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giphotostock

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Everything posted by giphotostock

  1. Not at all. Alamy is protected by the user agreement. What it tells you about licence type and releases isn't legally watertight permission to submit images containing IP you don't own. You don't own the copyright in the Star Wars or Batman images and you don't have permission from those who do. You therefore run a risk, at best of Alamy being asked to remove them, which it will, and at worst of legal action. Or as Martin says Alamy will take them down proactively to protect itself. I ask that because everybody here says me there is a risk while Alamy says me its safe as they have a
  2. Not at all. Alamy is protected by the user agreement. What it tells you about licence type and releases isn't legally watertight permission to submit images containing IP you don't own. You don't own the copyright in the Star Wars or Batman images and you don't have permission from those who do. You therefore run a risk, at best of Alamy being asked to remove them, which it will, and at worst of legal action. Or as Martin says Alamy will take them down proactively to protect itself. I ask that because everybody here says me there is a risk while Alamy says me its safe as they have a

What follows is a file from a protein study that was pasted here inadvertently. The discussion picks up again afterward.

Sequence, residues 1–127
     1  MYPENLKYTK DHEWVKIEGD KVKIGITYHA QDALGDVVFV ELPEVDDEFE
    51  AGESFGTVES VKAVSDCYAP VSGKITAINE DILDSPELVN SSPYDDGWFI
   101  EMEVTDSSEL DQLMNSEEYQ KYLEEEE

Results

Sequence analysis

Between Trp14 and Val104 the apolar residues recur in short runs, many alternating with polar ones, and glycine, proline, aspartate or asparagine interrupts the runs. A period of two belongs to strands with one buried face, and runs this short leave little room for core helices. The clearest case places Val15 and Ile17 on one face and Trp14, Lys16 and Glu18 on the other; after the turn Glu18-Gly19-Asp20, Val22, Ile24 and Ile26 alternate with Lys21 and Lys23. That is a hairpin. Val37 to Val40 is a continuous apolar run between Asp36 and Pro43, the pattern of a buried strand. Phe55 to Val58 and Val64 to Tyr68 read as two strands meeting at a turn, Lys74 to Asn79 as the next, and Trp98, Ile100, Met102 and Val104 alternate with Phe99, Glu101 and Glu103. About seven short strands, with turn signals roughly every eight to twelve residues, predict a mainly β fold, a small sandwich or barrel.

3. Not at all. Alamy is protected by the user agreement. What it tells you about licence type and releases isn't legally watertight permission to submit images containing IP you don't own. You don't own the copyright in the Star Wars or Batman images and you don't have permission from those who do. You therefore run a risk, at best of Alamy being asked to remove them, which it will, and at worst of legal action. Or as Martin says Alamy will take them down proactively to protect itself. I ask that because everybody here says me there is a risk while Alamy says me its safe as they have a